A woman who killed her husband of 31 years with a hammer and had her conviction overturned early this year will not face a retrial for murder, reported the Mirror.
In a landmark decision, Sally Challen’s murder conviction was overturned on Feb. 28, according to the Guardian.
The court of appeal in London had ordered a retrial on July 1.
Challen, who faced decades of coercive control and abuse, killed her 61-year-old husband, Richard in their Surrey home in August 2010. She was convicted and imprisoned for life in 2011.
“As a family, we are overjoyed at today’s verdict and that it has brought an end to the suffering we have endured together for the past 9 years,” Challen’s son, David Challen wrote on Twitter. He had campaigned to free his mother and in the process also became a campaigner against domestic violence.
As a family we are overjoyed at todays verdict and that it has brought an end to the suffering we have endured together for the past 9 years.
— David Challen (@David_Challen) June 7, 2019
Sally and Richard’s Story
Sally was 16 when she and Richard, who was 22, first started dating, according to Justice for Women, a campaign organization that advocates on behalf of women who fought back and killed their violent husbands. The initially charming Richard reportedly soon turned abusive.
“He bullied and belittled her, controlled their money and who she was friends with, not allowing her to socialize without him. But, whilst he forced strict restrictions on her behavior, he himself, would flaunt his money, have numerous affairs and visit brothels,” said the campaign document.
Justice for Women highlighted that whenever Sally challenged Richard he would blame her and make her feel that she was going mad. At one point she decided to divorce, but went back to him and even signed a postnuptial agreement that would deny her financial entitlements in a divorce and prevent her from interrupting him or talking to strangers.
A woman who spent nearly a decade behind bars for killing her abusive husband with a hammer will not face a retrial for murder. Sally Challen, 65, claimed she suffered years of controlling and humiliating abuse before she killed 61-year-old Richard Challen in August 2010 pic.twitter.com/ffMRJ0EWOY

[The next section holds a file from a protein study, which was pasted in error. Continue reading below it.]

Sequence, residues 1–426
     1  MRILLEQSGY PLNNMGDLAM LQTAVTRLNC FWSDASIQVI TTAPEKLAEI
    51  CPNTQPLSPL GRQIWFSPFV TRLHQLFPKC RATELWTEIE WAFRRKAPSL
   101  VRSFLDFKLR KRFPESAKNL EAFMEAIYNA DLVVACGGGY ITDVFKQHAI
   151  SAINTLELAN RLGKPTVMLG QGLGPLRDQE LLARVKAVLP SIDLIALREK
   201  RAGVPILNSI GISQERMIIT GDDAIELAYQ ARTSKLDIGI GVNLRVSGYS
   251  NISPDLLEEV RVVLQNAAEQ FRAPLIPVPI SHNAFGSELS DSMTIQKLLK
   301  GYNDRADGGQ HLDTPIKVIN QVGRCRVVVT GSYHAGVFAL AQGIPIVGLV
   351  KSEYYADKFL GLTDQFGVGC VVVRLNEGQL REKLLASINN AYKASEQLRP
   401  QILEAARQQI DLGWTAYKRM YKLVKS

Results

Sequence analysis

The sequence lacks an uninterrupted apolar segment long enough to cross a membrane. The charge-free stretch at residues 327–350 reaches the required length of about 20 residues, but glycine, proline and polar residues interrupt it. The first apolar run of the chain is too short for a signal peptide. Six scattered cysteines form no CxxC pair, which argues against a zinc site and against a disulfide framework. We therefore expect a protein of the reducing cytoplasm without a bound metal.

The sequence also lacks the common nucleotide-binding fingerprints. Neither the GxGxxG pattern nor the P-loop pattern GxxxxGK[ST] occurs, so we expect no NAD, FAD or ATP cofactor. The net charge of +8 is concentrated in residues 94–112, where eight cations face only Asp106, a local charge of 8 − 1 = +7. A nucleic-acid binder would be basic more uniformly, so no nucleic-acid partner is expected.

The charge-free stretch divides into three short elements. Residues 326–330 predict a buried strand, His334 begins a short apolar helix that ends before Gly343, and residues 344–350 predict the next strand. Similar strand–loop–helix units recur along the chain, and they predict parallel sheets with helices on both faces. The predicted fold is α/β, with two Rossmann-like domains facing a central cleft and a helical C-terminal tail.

— Amanda Nunn (@AmandaNunnC5) June 7, 2019
Sally killed Richard while the couple was trying to reconcile, according to a 2010 report on Daily Mail. After killing him, she drove 70 miles to Beachy Head in East Sussex where she was saved from jumping off a cliff.
Landmark Case in Court
When Sally was convicted for Richard’s murder, coercive control was not a crime in England and Wales, according to Justice for Women.
It became recognized in the law as a form of domestic abuse only in 2015. “Coercive control is a way of understanding domestic violence which foregrounds the psychological abuse and can involve manipulation, degradation, gaslighting (using mind games to make the other person doubt their sanity) and generally monitoring and controlling the person’s day-to-day life such as their friends, activities, and clothing,” explained Justice for Women.
The advocacy group said coercive control makes a victim isolated and dependent on the abuser.
“In 2017, Justice for Women submitted new grounds of appeal to the Criminal Appeal court highlighting new psychiatric evidence and an expert report showing how coercive control provides a better framework for understanding Sally’s ultimate response in the context of a history of provocation,” said Justice for Women.
Based on this, the court of appeals overturned Sally’s conviction and ordered a retrial.
“The abuse our mother suffered, we felt, was never recognized properly and her mental conditions were not taken into account,” David said after the conviction was overturned, according to The Guardian.
“As sons, we get another shot for our story to be heard, the events that led to our father’s death to be heard, and for our mother to have another shot at freedom–freedom she has never had since the age of 15,” he said.
On Friday, Sally walked free out of court after the judge ruled out the retrial.
“My family have served my sentence with me. They have kept me going for a long and terrible nine years. I want also to thank my friends in and out of prison who have stood by me,” Sally said according to The Guardian.